This one's pretty self-explanatory. Also pretty minor: a non-kosher chocolate bar. :-)
I wasn't really upset at all, but it sure would be nice to see more store-brand kosher stuff there!
----- Original Message -----Sent: Wednesday, February 11, 2009 5:17 PMSubject: Kosher Private Label (365) ProductsI apologize for sending this to you directly, however, the email feedback form at your website kept saying "Valid comments are required before you can submit this message., please check and try again." when I tried to submit my comments, below. Please foward them to the appropriate department - thanks!I was offered a sample of "365" brand chocolate at your store this past Sunday.
However, checking the label revealed that it isn't kosher, despite the fact that many name brands of high-quality chocolate are.
The person offering the samples told me this was because it was coming in from the U.S., which seems like a completely nonsensical explanation (there are more kosher products in the U.S. than in Canada due to a larger base of consumers). He did add, more helpfully, that some of the locally-sourced products (ie dairy) do bear kosher supervision.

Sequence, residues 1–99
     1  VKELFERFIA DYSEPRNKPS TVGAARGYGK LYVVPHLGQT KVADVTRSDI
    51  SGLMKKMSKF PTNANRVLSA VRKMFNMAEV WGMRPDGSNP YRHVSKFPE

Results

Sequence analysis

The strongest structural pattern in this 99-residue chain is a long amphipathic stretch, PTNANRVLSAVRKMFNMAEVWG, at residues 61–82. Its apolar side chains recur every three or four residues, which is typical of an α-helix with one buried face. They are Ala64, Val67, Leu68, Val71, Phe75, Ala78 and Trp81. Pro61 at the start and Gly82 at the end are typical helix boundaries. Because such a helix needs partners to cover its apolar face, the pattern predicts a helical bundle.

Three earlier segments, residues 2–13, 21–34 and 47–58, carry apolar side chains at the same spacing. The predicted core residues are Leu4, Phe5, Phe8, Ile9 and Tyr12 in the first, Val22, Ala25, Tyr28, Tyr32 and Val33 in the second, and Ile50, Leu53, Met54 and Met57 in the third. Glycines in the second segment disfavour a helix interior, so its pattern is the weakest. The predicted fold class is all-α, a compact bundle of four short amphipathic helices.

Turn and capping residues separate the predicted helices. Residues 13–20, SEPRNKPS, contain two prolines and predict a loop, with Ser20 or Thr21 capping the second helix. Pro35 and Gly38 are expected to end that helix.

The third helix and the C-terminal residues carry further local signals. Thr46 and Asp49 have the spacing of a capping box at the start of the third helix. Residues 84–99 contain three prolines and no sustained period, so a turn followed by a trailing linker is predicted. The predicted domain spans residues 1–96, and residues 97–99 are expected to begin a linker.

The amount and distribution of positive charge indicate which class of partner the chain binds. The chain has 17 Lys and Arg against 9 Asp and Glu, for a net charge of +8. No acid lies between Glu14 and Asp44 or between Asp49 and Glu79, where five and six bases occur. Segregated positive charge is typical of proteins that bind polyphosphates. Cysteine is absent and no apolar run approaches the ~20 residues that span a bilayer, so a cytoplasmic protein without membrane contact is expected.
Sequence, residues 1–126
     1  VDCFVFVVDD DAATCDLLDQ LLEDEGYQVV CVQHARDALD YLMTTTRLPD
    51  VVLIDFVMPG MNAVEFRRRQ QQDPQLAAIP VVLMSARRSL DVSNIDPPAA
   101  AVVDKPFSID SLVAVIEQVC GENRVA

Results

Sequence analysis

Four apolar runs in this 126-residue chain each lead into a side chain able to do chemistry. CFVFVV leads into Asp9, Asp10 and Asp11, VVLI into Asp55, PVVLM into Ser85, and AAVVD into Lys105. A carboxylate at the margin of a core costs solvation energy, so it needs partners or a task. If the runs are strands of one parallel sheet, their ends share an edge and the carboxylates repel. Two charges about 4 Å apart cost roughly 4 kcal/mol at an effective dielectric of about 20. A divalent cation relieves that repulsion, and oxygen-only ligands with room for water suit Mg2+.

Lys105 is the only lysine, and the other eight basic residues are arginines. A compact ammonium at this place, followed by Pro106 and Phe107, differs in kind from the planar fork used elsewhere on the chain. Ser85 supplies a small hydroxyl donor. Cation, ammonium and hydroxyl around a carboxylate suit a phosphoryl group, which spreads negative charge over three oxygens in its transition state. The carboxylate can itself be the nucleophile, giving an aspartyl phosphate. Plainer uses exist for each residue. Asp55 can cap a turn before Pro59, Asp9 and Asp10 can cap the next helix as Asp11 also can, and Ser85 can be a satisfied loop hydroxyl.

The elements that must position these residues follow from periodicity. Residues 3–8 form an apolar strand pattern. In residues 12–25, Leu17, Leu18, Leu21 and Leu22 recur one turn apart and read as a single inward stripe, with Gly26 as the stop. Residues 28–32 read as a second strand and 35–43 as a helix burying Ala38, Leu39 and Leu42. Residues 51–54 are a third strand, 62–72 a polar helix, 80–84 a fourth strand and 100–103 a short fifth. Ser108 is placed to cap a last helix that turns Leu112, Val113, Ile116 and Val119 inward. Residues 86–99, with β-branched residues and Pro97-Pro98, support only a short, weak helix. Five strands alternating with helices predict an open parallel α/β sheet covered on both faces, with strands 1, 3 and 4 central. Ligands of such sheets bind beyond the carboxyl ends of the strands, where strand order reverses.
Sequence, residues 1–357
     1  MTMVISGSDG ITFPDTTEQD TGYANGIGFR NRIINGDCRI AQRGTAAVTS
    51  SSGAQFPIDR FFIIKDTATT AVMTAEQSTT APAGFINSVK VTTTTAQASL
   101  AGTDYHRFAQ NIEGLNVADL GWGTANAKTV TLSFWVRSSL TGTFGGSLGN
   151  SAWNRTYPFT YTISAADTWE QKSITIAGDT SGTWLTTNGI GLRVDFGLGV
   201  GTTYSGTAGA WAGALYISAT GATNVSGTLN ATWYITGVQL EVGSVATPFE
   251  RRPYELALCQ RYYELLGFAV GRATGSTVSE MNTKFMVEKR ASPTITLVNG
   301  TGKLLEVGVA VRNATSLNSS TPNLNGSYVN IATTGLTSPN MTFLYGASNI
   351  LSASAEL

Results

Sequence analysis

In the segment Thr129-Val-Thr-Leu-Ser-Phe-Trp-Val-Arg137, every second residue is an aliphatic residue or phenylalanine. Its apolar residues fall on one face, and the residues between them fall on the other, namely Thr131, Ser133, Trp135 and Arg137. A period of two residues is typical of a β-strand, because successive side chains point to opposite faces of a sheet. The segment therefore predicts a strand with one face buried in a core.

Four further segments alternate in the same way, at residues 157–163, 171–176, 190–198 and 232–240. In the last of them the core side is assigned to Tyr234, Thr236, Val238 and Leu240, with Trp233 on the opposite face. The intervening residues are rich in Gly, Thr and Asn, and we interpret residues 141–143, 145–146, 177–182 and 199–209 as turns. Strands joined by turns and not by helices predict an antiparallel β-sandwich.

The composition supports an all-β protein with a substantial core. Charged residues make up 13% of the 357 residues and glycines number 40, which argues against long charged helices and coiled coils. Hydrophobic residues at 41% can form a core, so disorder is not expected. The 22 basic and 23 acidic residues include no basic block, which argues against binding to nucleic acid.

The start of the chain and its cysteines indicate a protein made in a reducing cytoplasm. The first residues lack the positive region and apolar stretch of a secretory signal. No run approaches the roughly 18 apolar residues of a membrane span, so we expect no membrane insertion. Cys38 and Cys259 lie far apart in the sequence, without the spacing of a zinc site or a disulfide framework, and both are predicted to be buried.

While I realize kosher supervision isn't one of your main criteria for sourcing private-label products such as the "365" chocolate, you might want to consider making it a higher priority, both because of a growing number of people looking for kosher food and also since other consumers (muslim, vegetarian, vegan, etc) often look to kosher supervision as a way of ensuring consistency of ingredients (ie the absence of dairy, gelatin, etc).
It would also probably be helpful to ensure that store staff are fully aware of the issues behind kosher food and its labelling so that they can be more consistently helpful.
I'd be interested in learning more about Whole Foods' policies on kosher food and sourcing kosher versions of store-brand products.